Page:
(The Center Square) – Colorado public school districts, charter schools and other education-related groups placing students in youth-based apprenticeships will be eligible for grants of $250,000 and $500,000, with $2.5 million total awarded.
The grants are part of Colorado’s Response, Innovation and Student Equity Education program, funded by federal money allocated through the Governors Emergency Education Relief Fund.
This will be the fourth and final round of state grants, according to information from Democratic Gov. Jared Polis’ office. The program provides money to local organizations to give students more resources, especially those in high-needs schools.
This round will focus on expanding youth apprenticeships for high school students. Priority will be given to programs developing students for careers in high-demand industries, those serving underrepresented populations, students in rural or small communities and organizations using the Career Development Incentive Program as a graduation requirement.
The federal deadline for states to obligate money from the Governors Emergency Education Relief Fund is Sept. 30. Colorado spent 74%, or $47 million of $63.4 million in its fund, according to data posted on the U.S. Department of Education website. More than $263 billion was allocated to the federal Education Stabilization Fund for pandemic recovery and rebuilding programs.
A total of $42 million in grants was awarded through Colorado’s program, beginning in 2020, according to a media release from Polis’ office. The governor allocated $32.7 million when the program launched in September 2020 and three rounds were originally announced.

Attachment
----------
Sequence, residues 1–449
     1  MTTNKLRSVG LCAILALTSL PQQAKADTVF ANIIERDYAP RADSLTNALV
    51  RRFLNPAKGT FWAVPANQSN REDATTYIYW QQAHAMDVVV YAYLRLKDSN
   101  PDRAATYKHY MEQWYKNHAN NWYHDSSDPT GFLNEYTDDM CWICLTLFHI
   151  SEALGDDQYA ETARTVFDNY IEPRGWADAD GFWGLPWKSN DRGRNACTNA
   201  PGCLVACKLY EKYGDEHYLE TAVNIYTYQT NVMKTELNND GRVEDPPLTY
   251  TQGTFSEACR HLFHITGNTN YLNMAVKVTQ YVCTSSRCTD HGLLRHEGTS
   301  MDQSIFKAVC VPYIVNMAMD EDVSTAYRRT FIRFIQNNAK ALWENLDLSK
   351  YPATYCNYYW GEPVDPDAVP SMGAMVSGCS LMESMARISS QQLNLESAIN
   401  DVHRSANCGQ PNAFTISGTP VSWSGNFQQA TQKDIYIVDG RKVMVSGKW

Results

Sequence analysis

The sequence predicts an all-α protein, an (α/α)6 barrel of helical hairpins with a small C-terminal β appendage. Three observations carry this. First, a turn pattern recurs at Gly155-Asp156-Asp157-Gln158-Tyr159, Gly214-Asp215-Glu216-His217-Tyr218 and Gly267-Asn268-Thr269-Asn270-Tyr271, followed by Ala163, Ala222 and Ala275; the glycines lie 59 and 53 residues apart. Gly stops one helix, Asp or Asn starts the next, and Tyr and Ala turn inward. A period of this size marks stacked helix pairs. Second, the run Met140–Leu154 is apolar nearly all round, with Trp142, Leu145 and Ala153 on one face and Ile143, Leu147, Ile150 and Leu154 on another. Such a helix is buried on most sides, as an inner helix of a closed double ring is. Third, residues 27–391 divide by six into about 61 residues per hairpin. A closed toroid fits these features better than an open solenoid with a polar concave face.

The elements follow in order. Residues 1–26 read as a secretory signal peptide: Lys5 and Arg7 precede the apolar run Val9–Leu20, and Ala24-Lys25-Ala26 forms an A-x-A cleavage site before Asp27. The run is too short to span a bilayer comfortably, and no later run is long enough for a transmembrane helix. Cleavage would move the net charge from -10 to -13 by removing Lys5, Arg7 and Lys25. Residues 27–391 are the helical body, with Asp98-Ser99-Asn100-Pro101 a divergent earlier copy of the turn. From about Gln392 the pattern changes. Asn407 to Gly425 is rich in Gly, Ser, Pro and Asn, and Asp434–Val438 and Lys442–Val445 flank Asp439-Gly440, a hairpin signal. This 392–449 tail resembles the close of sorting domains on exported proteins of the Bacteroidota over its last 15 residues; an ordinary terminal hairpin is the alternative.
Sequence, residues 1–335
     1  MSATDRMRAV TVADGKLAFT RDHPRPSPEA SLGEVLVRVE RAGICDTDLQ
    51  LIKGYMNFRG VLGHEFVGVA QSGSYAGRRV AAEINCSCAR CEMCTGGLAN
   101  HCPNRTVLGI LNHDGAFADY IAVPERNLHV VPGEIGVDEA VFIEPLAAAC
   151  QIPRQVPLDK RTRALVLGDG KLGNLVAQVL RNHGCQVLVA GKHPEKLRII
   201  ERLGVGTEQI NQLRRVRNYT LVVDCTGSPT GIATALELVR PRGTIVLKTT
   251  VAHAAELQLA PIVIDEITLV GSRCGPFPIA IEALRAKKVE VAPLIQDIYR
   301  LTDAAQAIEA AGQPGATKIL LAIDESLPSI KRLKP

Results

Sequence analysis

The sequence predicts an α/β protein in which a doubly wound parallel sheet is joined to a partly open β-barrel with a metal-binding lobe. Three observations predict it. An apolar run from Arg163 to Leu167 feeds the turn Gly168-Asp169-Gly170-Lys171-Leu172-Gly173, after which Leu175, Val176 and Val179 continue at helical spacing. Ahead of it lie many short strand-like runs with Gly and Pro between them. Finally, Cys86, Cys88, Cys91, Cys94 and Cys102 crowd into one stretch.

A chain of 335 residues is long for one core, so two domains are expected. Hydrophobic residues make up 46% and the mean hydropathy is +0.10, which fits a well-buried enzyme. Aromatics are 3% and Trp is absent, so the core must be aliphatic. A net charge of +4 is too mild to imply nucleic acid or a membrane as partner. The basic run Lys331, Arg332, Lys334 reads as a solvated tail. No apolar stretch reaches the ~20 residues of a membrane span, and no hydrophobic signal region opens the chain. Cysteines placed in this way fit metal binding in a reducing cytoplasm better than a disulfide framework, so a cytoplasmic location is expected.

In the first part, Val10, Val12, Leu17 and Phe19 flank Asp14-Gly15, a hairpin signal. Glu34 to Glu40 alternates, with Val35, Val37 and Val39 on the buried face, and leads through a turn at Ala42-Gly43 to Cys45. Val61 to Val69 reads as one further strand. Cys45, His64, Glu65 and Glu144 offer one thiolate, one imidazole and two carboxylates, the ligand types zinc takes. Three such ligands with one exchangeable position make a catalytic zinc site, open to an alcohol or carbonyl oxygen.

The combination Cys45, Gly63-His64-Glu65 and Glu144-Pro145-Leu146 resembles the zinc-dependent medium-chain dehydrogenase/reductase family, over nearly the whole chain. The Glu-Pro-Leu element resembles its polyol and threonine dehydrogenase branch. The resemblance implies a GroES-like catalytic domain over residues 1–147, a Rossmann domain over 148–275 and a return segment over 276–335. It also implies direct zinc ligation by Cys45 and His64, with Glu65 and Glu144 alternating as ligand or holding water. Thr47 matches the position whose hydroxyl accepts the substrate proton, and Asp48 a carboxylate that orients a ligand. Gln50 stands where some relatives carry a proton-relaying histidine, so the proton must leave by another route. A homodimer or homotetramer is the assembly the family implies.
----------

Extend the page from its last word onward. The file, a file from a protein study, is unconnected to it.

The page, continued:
“We are excited to support innovation and more apprenticeships with RISE grant funding,” Polis said in a statement announcing the last round of grants. “This will help invest in our students, expand apprenticeships and better prepare young Coloradans for in-demand jobs.”
Colorado was awarded $2.8 billion from the federal Education Stabilization Fund and spent $2.1 billion, according to the U.S. Department of Education. The deadline for allocating funds from the federal Elementary and Secondary School Emergency Relief Fund, created under the American Rescue Plan Act, is Sept. 30, 2024. Colorado spent $506 million (43.4%) of the $1.1 billion allocated in that fund, according to federal data posted through Aug. 31.
Polis announced a plan to expand Registered Apprenticeship Programs within state departments and the private sector earlier this month.
Colorado had 179,000 job openings in July, according to preliminary data from the Bureau of Labor Statistics, a decrease of 2,000 jobs from June. An analysis of Colorado’s July unemployment data by the Common Sense Institute found the state added 800 non-farming jobs, boosted by local governments adding 2,700 jobs.